ATLANTA — A study published in August in the scientific journal Nutrients shows that less than 15% of Americans’ total calories come from grain-based foods such as bread, rolls and tortillas. However, this quantity is providing its eaters with nutrient content necessary to maintain health.
In the study, more than 10,000 surveys completed by adults over the age of 19 were compiled by the National Center for Health Statistics of the Centers for Disease Control and Prevention (C.D.C.). Participants were asked to disclose their eating behaviors for the most recent 24-hour period. The data for both men and women was analyzed, looking for both the consumption level of grains and related subcategories and the contribution of those grains to dietary vitamins, minerals and fiber. Specifically, the study focused on how grains contribute to shortfall nutrients such as folate, magnesium, calcium and iron.
“All grain foods, collectively — in addition to specific grain food groups — are meaningful contributors of nutrient density and provide sources for several shortfall nutrients and nutrients of public health concern as identified by the 2015-2020 Dietary Guidelines for Americans (D.G.A.),” the study said. “Certain grain foods, as part of healthy dietary patterns that include a selection of enriched and fortified grains, may improve overall nutrient intakes and minimize gaps in shortfall nutrient intakes.”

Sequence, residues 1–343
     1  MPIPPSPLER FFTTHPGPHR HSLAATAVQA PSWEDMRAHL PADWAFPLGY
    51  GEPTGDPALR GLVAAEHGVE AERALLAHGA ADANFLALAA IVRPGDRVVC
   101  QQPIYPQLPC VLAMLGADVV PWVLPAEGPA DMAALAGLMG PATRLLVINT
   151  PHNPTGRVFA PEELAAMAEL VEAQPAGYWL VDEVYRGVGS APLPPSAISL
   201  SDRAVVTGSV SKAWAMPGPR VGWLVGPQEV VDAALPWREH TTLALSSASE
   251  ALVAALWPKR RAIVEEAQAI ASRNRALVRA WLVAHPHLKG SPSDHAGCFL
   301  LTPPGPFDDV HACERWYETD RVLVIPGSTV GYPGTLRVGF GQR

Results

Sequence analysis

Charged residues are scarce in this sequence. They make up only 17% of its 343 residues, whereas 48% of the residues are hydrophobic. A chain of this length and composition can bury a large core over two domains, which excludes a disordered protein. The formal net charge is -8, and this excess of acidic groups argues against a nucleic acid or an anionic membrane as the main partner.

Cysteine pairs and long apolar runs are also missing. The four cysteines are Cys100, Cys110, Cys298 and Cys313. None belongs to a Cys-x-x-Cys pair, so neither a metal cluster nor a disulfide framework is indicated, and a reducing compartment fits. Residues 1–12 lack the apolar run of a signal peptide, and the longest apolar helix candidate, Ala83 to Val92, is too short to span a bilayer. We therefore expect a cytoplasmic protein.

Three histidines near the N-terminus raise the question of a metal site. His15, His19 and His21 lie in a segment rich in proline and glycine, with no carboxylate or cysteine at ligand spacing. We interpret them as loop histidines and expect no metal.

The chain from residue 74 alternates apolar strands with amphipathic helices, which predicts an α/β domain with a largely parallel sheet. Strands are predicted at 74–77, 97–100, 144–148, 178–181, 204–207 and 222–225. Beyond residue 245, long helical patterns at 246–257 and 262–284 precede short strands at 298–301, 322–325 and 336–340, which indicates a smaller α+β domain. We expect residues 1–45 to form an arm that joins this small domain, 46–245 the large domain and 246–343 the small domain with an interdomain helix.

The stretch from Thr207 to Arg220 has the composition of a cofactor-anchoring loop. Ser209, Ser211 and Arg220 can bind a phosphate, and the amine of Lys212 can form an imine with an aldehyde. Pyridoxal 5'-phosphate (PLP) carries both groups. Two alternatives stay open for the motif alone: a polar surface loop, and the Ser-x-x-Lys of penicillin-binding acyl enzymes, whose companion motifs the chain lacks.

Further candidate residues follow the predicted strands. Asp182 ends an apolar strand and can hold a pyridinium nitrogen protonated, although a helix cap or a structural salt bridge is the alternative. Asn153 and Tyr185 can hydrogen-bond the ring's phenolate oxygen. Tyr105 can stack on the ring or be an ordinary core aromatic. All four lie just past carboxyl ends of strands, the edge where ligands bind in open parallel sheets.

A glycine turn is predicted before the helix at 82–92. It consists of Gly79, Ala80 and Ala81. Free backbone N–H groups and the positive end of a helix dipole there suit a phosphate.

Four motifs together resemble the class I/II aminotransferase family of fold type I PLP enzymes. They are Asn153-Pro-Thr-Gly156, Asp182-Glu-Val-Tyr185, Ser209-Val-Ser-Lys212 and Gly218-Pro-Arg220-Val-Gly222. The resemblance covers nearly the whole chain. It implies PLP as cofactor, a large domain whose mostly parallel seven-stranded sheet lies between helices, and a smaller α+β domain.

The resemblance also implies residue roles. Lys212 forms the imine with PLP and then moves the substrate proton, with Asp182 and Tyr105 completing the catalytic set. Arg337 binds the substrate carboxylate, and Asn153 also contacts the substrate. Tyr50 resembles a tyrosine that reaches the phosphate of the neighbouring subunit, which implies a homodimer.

According to the study, grains supply 14.6% of daily sodium, 14.2% energy, 7.9% total sugar, 7.2% total fat, and 5.4% saturated fat in American diets. Comparatively, they provide 22.9% of daily fiber, 33.6% folate, 29.7% iron, 10.6% vitamin A, 13.9% magnesium and 13.2% of calcium, all identified as shortfall nutrients in the most recent D.G.A.
The study also found that eliminating whole and enriched grains from a diet can have a negative impact on public health initiatives and health outcomes, particularly if foods substituted into the diet lack nutrient density and promote excess calories.
“These data show that grain foods are the foods we love that love us back,” said study co-author, Yanni Papanikolaou, vice-president at Nutritional Strategies, Inc. “Finally, we can enjoy bread again. The nutrient contribution of all whole and refined grain food products, including breads, rolls and tortillas and ready-to-eat cereals, can play a key role in helping American adults meet recommendations for under-consumed nutrients and nutrients of public health concern.”Another study Nutrients published earlier this year that focused on children showed similar data. Results showed that though grain products contributed to only 14% daily calories for children aged 2 to 18, they were meaningful contributors of nutrients such as fiber, folate, iron and zinc.